Emotional support animals offer comfort and support to people with all kinds of mental health issues. Read on to learn all about what emotional support animals are, the legislation surrounding assistance animals, and where to take your emotional support animal in Wyoming!
Emotional Support Animal in Wyoming: Specific Protection
There are laws are in place to protect the rights of Americans with disabilities in their homes (rented accommodation), at work, in public places, and while traveling. Among other things, the Acts protect the rights of people with disabilities to bring assistance animals into places where pets are not normally allowed.
Definition of Assistance Animal
Before going into more detail on the Acts, we’ll cover different definitions of assistance animals. An “Assistance animal” is a general term that can describe an animal that helps individuals with disabilities. Assistance animals are grouped by the kind of assistance they offer to people with disabilities.
There are two main kinds of assistance animal:
- Service animals: service animals are highly trained to perform tasks for persons with disabilities. These tasks could be helping people in wheelchairs with mobility-related tasks, predicting seizures, or being seeing-eye dogs for the blind. Dogs are the most common service animals, because of their loyalty and trainability.
- Emotional support animals: emotional support animals (also known as companion animals or ESAs) do not need special training. Rather, through a strong human-animal bond, they are able to give comfort and support to people with mental health issues such as post-traumatic stress disorder (PTSD), depression or anxiety. Emotional support animals can also help people who need extra support, like at-risk youth. Any domesticated animal can be an emotional support animal, including dogs, cats, birds, and even miniature horses.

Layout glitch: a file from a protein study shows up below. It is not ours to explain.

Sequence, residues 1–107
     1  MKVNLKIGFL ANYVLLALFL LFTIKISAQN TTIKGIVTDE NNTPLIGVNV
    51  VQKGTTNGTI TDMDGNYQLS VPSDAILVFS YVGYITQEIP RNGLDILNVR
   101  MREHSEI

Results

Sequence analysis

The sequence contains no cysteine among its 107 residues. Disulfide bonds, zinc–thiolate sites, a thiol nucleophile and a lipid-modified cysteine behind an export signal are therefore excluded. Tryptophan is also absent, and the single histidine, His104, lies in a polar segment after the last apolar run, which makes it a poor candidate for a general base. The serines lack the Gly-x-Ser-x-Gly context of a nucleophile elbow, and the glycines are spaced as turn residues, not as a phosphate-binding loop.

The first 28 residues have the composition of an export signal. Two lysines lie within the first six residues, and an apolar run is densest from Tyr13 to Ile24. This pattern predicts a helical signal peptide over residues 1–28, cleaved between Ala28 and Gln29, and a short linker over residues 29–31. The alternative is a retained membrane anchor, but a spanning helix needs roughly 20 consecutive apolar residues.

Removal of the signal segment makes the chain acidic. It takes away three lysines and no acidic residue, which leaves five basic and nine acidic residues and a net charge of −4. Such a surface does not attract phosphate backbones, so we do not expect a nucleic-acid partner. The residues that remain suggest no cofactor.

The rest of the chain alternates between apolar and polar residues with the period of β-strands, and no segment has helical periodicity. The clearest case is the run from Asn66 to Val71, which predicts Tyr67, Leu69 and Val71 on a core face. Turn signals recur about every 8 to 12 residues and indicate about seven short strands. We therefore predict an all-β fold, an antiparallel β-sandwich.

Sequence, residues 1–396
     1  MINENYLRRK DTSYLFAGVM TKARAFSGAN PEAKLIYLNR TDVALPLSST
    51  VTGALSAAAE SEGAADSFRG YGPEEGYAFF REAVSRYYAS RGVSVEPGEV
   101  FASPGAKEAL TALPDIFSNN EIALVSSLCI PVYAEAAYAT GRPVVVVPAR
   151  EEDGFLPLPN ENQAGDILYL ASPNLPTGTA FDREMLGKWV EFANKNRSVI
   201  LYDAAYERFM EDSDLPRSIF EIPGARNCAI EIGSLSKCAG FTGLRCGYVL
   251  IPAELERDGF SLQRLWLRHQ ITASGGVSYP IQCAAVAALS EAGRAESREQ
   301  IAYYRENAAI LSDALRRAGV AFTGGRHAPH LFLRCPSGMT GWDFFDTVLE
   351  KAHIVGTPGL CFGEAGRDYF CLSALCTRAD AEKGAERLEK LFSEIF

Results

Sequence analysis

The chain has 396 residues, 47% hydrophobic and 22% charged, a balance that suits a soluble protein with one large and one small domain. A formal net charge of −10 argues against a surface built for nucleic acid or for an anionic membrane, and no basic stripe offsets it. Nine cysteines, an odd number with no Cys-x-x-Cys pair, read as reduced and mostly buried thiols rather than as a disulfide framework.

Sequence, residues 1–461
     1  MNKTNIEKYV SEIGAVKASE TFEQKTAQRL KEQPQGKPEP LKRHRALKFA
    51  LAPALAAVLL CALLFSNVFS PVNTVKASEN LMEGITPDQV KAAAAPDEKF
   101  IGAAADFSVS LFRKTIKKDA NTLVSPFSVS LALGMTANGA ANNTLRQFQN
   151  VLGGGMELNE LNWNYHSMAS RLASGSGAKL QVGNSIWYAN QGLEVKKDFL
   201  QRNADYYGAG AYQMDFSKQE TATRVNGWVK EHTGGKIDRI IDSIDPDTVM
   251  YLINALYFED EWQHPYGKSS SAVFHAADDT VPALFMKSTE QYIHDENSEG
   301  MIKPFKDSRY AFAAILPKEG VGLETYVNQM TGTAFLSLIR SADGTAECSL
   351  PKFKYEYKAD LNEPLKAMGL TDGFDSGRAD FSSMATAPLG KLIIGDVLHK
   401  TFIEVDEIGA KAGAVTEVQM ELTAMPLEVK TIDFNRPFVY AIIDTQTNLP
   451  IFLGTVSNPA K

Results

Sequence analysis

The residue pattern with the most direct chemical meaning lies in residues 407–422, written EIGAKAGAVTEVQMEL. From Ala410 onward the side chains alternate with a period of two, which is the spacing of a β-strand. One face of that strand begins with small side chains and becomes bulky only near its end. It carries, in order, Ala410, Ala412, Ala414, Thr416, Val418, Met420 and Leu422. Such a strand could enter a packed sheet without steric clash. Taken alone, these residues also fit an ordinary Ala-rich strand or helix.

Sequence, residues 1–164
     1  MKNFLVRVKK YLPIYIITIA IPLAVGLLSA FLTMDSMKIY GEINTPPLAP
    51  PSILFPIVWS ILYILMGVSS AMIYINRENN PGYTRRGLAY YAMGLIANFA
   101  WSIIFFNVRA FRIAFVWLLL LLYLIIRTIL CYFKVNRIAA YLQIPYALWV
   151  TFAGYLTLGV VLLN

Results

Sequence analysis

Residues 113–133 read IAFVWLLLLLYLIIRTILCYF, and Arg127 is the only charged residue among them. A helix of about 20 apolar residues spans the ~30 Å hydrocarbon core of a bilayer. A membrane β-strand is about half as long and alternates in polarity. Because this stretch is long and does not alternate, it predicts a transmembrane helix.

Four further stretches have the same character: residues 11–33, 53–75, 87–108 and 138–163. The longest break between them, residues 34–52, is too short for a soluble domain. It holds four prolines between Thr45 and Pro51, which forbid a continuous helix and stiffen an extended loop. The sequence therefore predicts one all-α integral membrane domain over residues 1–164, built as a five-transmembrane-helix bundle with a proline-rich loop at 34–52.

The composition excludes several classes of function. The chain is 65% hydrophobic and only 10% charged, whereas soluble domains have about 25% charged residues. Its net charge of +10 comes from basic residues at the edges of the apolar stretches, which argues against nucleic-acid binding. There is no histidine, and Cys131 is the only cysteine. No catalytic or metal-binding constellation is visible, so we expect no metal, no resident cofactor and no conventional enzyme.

Under the Acts mentioned above, service animals are afforded the most protection. ESAs have some protection, and therapy animals are not covered.
How to get an Emotional Support Animal in Wyoming: CertaPet’s simple 5 min process
- The first step to getting an emotional support animal in Wyoming is to read up on what exactly ESAs are, what they do, and whether one could help you.
- Next, you’ll need to see if you qualify for an emotional support animal. CertaPet has a free 5-minute screening process that can help you assess if you are eligible for an emotional support dog.
- If you find that you are eligible, CertaPet can then connect you with a licensed mental health professional in Wyoming. You can then get your ESA letter within 2 business days. Simple!
An emotional support letter is an official document that proves your need for an ESA. It must be less than a year old and on letterhead paper or a prescription pad from a licensed medical doctor or mental health professional. The ESA letter must state the following:
- That you have a diagnosed mental illness or mental health-related disability
- The emotional support animal accompanying you is necessary for your mental health or treatment